In clinical trial data submitted to the FDA, 98% of patients treated with CK had vision of J5 at one year post-op, while 87% had J3 or 20/20 vision binocularly. There were no reported serious, sight-threatening or unanticipated safety events.
In another clinical study, 77% of the eyes treated for near had an uncorrected visual acuity (UCVA) of J3 or better at six-months post-op, and 85% of all patients had a binocular uncorrected distance visual acuity of 20/25 or better along with J3 or better at near.5 Also, 66% of eyes treated for near had a manifest refractive spherical equivalent (MRSE) within 0.50 D of the intended correction at six months. In another study, 12 months after CK, the mean near UCVA was J1 (range: J3 to J1) with 90% of eyes J1 and 100% of eyes J3 or better.4
Surgeons also have successfully used CK in post-LASIK and PRK patients; however, CK is contraindicated following radial keratotomy since the cornea is too unpredictable. In clinical study data presented at the American Academy of Ophthalmologys annual meeting last month, Refractec reported that in a cohort of 60 post-LASIK patients ages 41 to 63 who underwent NearVision CK, 95% of patients achieved near visual acuity of J3, 83% of patients achieved 20/32 or better intermediate vision, and 90% of patients reported satisfaction with quality of vision and depth perception.
A patient at one month after undergoing NearVision CK. The probe does not contact the central cornea, and the only scarring that occurs is where the probe is applied. Visible scarring decreases over time.
Most patients with whom I discuss NearVision CK have never heard of it, but are intrigued nonetheless. To help determine if they will be happy with the results, I typically do a contact lens trial for monovision but with a difference from traditional monovision: I use a multifocal contact in the non-dominant eye. This type of trial provides the truest representation of CK-treated vision. Previously, I used normal monovision contact lenses, but they produced more vision change than these patients could toleratein the realm of 20/60 or 20/70 distance vision. With the multifocal contact lens, I can keep distance visual acuity in the 20/30 range, which is more in line with a NearVision CK outcome.
I use a multifocal lens with a correction that is +0.50D to +0.75D over the patients distance refraction and with a low add. In the dominant eye, I simply correct for distance, if necessary. This process works extremely well, and I now refer about two patients a week to one of our refractive surgeons for a full consultation.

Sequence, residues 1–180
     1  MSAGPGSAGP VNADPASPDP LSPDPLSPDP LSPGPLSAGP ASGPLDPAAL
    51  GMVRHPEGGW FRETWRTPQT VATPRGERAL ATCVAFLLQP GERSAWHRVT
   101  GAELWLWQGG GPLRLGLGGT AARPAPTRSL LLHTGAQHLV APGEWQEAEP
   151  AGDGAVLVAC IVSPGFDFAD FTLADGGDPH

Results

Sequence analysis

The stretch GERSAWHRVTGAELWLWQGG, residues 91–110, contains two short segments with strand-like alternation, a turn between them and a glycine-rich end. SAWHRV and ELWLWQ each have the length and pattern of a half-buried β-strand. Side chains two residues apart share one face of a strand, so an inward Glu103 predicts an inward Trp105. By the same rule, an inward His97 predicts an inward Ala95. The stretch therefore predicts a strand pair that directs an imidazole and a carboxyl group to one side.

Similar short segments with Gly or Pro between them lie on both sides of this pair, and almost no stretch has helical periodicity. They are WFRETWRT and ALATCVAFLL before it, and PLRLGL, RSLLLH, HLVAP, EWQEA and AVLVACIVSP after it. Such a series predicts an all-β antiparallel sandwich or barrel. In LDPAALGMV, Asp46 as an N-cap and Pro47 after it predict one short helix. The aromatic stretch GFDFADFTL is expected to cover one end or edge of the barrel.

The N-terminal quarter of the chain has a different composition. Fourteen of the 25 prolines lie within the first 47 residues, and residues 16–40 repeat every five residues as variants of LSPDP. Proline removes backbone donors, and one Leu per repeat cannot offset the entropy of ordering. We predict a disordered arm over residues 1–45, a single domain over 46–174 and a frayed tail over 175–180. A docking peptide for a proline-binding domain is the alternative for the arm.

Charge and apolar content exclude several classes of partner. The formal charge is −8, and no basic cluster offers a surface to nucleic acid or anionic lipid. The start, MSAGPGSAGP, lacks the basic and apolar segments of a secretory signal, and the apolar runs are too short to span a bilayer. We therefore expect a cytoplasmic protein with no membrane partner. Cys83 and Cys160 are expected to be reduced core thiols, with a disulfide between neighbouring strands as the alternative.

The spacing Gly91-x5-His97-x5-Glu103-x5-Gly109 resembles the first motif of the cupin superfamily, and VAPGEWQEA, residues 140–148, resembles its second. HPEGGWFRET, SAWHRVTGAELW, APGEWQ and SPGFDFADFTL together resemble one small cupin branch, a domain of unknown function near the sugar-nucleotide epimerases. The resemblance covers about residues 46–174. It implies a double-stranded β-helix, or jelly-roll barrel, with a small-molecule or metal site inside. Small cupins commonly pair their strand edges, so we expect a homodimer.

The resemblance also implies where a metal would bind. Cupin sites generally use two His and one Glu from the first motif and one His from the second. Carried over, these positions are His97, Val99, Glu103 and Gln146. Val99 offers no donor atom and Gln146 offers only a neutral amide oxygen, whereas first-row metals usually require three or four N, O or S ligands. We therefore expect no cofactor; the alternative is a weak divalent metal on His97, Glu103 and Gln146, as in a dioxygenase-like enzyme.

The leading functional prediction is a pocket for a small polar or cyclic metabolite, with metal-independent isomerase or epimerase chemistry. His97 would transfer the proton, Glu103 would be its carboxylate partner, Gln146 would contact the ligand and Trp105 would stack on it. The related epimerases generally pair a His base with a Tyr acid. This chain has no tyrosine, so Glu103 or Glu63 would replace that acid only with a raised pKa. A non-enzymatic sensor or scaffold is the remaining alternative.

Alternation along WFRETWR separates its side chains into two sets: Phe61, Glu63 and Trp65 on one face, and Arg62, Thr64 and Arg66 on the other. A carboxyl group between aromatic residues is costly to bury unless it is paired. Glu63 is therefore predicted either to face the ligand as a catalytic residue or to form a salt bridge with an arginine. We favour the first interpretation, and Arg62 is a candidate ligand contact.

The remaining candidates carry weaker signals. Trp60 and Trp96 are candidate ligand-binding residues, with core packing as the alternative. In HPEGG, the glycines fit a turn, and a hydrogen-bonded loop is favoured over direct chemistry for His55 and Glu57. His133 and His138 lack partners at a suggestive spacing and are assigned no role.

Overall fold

After patients have met with the surgeon, about 80% go on to have NearVision CK.
One of the main advantages of NearVision CK is its safety profile. The probe does not contact the central cornea, and the only scarring that occurs is where the probe is applied. The scars are visible, but they decrease over time.
As stated earlier, some regression occurs with CK; however, clinical studies show its similarities to that seen in hyperopic patients who undergo LASIK or PRK. In one two-year study, for example, researchers observed mild hyperopic regression, but the rate of regression was low and decreased over a two-year follow-up period.6
We tell patients they will become more presbyopic over time, and two to four years down the road, they may need an enhancement. Overall, however, our experience shows that the refractive results are very stable.
In our practice, we see presbyopes as one of the most important patient populations. Besides refractive surgery options, our surgeons are involved in multiple clinical studies of multifocal IOLs. As this technology advances, I suspect these IOLs will eventually become the procedure of choice for older refractive surgery patients when they require cataract surgery.
As optometrists, it is important for all of us to recognize that presbyopia is going to be the next big thing in refractive surgery. Either we can accept it and ensure that our patients know all their options and receive the best possible care, or we can watch them walk out the door and down the street.
Dr. Geffen specializes in family eye care, contact lenses, low vision and refractive surgery consultation at Gordon Binder & Weiss Vision Institute, a group practice in La Jolla, Calif.
1. Rakow PL. Presbyopic correction with contact lenses. Ophthalmol Clin North Am. 2003 Sep;16(3):365-81.
2. Lee KE, Klein BE, Klein R, Wong TY. Changes in refraction over 10 years in an adult population: the Beaver Dam Eye study. Invest Ophthalmol Vis Sci 2002 Aug;43(8):2566-71.
3. Conductive Keratoplasty (CK)-Monovision for Presbyopia gets FDA approval. The Eye Digest. Available at: www.agingeye.net/mainnews/ck.php. (Accessed December 1, 2006).
4. Stahl JE. Conductive keratoplasty for presbyopia: 1-year results. J Refract Surg 2006 Feb;22(2):137-44.
5. McDonald MB, Durrie D, Asbell P, et al. Treatment of presbyopia with conductive keratoplasty: six-month results of the 1-year United States FDA clinical trial. Cornea 2004 Oct;23(7):661-8.
6. Lin DY, Manche EE. Two-year results of conductive keratoplasty for the correction of low to moderate hyperopia. J Cataract Refract Surg 2003 Dec;29(12):2339-50.